Tuesday 20 March 2012: Spring Equinox
This morning, at 5.14am GMT, the Earth drifted through a major astronomical checkpoint, marking the official onset of spring in the northern hemisphere. The spring, or vernal, equinox marks the point in space and time when the sun moves across the celestial equator, an imaginary circle projected into the sky above the real equator.
Certainly today felt truly spring-like. After a chilly start the weather soon warmed up nicely, with lots of sunshine. I walked the dogs early, and was fortunate to see a pair of distant kingfishers, too far away to photograph, though I did try!! An elderly gentleman came over to see what I was doing, and was delighted when I pointed out the remaining kingfisher to him and his wife, perched amongst a tangle of willow branches. He'd only ever seen one in the wild before, when he was a small boy, and his wife had never seen one.
I walked out along the meadows and back through Bluebell Wood, where the first bluebells were indeed out, and in places the edge of the path was studded with sweet violets. As I returned to the car, a south-facing bank was spangled with the cheerful gold flowers of lesser celandine and I spotted this small tortoiseshell butterfly nectaring on the sallow blossom. I took quite a few shots, but it was very difficult to get it in focus thanks to a playful breeze. If you look in large you can see the tongue buried deep in the blossom.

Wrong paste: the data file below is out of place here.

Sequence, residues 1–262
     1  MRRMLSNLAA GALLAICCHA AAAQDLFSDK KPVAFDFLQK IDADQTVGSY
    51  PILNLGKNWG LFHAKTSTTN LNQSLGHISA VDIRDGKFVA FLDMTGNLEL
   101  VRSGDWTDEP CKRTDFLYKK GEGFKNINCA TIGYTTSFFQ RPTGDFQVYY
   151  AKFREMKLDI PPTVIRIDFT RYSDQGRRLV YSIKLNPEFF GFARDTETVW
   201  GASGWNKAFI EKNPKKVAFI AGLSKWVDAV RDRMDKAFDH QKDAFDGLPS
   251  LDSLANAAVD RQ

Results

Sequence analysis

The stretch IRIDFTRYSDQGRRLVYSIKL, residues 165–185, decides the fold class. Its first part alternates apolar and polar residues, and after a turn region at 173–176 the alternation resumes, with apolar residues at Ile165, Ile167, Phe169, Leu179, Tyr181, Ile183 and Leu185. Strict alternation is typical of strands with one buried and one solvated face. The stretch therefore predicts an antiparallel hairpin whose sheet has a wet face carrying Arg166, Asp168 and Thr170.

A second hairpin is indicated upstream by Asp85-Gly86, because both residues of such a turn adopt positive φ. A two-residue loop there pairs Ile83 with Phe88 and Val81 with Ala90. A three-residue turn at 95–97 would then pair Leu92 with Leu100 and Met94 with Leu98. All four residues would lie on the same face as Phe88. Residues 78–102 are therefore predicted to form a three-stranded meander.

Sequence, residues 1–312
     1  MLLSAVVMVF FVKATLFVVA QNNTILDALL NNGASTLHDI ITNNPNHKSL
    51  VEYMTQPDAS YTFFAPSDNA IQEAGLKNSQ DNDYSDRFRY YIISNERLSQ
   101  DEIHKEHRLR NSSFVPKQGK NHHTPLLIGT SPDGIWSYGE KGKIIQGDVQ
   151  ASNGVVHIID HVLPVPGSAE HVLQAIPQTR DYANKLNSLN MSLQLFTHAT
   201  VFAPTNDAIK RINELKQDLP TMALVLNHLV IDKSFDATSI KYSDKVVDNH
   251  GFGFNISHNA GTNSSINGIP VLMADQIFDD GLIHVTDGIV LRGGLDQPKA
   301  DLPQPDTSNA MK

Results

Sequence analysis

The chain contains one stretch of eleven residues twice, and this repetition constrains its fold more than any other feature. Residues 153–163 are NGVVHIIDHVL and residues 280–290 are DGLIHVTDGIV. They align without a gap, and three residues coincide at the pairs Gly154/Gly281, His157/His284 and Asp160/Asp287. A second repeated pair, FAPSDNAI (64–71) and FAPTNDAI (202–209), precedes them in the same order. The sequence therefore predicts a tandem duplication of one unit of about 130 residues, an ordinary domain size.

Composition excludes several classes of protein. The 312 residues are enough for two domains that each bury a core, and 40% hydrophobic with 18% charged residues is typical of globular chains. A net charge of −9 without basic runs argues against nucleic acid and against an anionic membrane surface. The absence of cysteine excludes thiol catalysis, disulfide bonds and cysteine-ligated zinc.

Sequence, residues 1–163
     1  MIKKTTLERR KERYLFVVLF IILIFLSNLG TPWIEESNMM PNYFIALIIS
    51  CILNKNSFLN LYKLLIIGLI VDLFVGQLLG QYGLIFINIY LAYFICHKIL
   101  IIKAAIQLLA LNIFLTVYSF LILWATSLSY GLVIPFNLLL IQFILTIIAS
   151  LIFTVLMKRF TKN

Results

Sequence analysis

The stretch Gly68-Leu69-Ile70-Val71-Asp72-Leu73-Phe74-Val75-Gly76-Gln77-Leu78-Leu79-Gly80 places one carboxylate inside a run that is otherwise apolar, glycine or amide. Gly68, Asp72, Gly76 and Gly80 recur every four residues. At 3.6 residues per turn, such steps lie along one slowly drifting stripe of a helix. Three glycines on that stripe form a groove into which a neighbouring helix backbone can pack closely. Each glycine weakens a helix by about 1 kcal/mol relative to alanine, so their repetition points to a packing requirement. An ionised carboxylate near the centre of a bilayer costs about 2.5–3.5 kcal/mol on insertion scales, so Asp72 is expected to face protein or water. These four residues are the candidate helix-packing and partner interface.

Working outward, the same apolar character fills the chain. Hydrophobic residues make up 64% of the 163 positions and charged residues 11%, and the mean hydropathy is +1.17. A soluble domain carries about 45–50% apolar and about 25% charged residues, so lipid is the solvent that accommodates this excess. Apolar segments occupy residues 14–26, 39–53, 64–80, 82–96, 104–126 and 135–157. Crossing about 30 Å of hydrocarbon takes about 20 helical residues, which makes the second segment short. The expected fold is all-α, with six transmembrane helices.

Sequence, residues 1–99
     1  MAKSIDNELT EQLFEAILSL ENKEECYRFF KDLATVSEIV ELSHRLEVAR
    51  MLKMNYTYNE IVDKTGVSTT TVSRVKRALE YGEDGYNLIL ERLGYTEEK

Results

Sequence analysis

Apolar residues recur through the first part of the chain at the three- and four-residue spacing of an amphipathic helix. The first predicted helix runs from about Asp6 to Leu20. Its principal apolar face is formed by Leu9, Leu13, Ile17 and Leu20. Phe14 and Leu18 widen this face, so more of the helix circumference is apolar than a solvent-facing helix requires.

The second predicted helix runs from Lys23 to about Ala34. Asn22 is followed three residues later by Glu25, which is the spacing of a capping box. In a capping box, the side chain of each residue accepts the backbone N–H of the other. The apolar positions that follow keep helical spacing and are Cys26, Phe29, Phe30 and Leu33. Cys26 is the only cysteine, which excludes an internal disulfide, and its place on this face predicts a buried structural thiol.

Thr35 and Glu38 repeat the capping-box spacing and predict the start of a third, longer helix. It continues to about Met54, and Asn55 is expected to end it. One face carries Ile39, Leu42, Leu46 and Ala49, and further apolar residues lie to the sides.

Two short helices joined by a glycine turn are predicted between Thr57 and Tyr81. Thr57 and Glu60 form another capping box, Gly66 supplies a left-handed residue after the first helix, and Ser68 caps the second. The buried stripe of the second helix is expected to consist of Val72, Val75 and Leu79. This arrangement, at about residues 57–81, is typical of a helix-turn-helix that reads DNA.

After a short time on the computer I spent much of the rest of the day in the garden, where I spotted two more species of butterfly, a peacock and a comma, as well as several species of bee. I finished cleaning and tidying the greenhouse and edged part of one of the lawns, accompanied by the gentle sound of the singing frogs, which was my other blip contender for today . Ben came out and helped me, doing a stalwart job of edging the other side and cutting back the buddleia.
In a moment of madness I sent off for some asparagus crowns, so tomorrow we shall need to start digging over the new asparagus bed. We always had it in the garden when I was a child, and there's nothing quite like the taste of freshly cut asparagus spears in May - even if I shall have to wait for over a year before I can start to pick it!!